Netherlands orders closure of 'illegal Chinese police stations' in Amsterdam and Rotterdam

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By Euronews  with AFP
The entrance of the China embassy in the Netherlands in The Hague.
The entrance of the China embassy in the Netherlands in The Hague.   -   Copyright  BART MAAT / ANP / AFP, FILE

The Netherlands has demanded the closure of two "illegal police stations" that China has reportedly set up in the country. 

According to media reports, Beijing has been operating "posts" in Amsterdam and Rotterdam since 2018 to monitor dissidents.

China has denied the allegations. 

NGOs have claimed that the "police stations" use former military and intelligence officers to silence political opponents, instead of offering recognised diplomatic services.

"[We] have asked the Chinese ambassador for full clarification on the so-called police service stations carrying out tasks in the Netherlands on behalf of the Chinese government," Dutch Foreign Minister Wopke Hoekstra wrote on Twitter.

"As no permission was sought from the Netherlands for this, the ministry has informed the ambassador that the stations must close immediately," he added.

"In addition, the Netherlands itself is also investigating the stations to find out their exact activities."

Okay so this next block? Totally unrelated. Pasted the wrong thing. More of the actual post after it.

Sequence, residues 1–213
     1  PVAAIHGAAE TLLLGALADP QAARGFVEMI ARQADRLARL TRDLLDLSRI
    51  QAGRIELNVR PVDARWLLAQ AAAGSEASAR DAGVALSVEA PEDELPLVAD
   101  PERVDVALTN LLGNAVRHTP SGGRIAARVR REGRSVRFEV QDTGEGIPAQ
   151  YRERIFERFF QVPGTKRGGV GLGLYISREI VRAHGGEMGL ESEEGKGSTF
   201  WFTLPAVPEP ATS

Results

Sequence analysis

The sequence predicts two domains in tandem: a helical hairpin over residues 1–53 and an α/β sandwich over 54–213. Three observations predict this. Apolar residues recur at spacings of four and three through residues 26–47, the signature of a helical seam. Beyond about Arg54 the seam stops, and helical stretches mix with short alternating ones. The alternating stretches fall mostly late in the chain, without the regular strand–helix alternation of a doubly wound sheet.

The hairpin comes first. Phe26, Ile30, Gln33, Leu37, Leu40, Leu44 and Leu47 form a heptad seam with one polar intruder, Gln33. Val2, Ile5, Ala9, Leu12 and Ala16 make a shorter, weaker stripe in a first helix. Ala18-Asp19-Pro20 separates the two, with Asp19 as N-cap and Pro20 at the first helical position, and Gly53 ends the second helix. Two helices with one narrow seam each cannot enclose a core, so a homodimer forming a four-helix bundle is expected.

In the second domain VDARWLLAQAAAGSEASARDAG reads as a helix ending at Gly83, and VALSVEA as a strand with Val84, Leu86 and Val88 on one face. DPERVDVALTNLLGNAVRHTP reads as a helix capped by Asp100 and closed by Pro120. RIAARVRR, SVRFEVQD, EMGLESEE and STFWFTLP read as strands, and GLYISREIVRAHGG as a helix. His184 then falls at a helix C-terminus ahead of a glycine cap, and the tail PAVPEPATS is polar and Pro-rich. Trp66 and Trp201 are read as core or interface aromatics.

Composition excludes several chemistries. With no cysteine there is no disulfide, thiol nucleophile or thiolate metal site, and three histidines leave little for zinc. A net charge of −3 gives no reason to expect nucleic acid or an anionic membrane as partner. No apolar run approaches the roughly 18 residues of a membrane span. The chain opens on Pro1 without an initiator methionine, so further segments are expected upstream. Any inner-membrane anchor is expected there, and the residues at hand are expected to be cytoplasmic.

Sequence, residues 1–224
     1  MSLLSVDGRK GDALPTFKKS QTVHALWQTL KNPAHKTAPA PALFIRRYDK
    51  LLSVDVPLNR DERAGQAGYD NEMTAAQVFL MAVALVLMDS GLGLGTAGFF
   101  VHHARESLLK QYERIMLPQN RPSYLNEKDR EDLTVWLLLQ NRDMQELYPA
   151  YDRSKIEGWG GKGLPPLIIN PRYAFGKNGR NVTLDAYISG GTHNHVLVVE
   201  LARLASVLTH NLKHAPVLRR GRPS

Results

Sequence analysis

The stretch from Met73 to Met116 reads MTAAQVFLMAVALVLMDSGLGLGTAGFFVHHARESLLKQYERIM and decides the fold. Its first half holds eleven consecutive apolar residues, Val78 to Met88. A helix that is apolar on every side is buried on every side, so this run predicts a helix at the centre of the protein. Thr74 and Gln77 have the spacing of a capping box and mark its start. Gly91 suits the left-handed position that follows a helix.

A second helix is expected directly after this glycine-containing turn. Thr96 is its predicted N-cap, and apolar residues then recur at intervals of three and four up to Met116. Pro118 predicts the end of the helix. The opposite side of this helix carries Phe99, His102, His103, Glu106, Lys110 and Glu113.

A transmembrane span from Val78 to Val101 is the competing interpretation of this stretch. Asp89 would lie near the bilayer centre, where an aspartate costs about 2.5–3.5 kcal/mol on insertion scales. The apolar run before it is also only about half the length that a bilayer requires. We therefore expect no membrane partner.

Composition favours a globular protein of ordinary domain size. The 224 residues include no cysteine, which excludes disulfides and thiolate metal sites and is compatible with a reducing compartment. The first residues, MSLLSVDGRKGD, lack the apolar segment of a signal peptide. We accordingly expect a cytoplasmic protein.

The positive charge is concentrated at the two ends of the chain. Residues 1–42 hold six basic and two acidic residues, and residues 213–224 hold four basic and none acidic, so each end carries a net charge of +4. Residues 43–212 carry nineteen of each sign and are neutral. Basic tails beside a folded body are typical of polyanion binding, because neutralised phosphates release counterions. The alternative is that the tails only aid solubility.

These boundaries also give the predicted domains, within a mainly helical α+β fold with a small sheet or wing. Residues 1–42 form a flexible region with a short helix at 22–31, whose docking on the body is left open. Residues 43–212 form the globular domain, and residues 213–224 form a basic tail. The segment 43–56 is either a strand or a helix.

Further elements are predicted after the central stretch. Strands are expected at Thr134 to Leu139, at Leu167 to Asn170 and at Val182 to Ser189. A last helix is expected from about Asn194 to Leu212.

Beijing has denied allegations, stating the claims about illegal police stations are "completely false".

"Chinese public security stations ... strictly abide by international law and fully respect the judicial sovereignty of other countries," Chinese Foreign affairs spokesman Wang Wenbin said last week.

"The organisations you mentioned are not police stations or police service centres," ministry spokesman Zhao Lijian told a regular briefing in Beijing on Wednesday.

"Their activities are to assist local Chinese citizens who need to apply for expired driver's license renewal online, and activities related to physical examination services by providing the venue."

"We hope that the parties concerned do not make unreasonable claims," he added.

In September, the Spanish NGO Safeguard Defenders reported that at least 36 Chinese "police stations" have been set up in European countries, including France, Italy, Portugal, and Spain.

A fresh investigation by RTL Nieuws and the investigative journalism platform Follow the Money confirmed that two of these posts were operating in the Netherlands.

According to RTL, one "police station" in Amsterdam was opened by police in the eastern Chinese region of Lishui, while another in Rotterdam is operated by the city of Fuzhou.

Authorities in Germany, Ireland, and Spain have also opened investigations into alleged "Chinese police stations".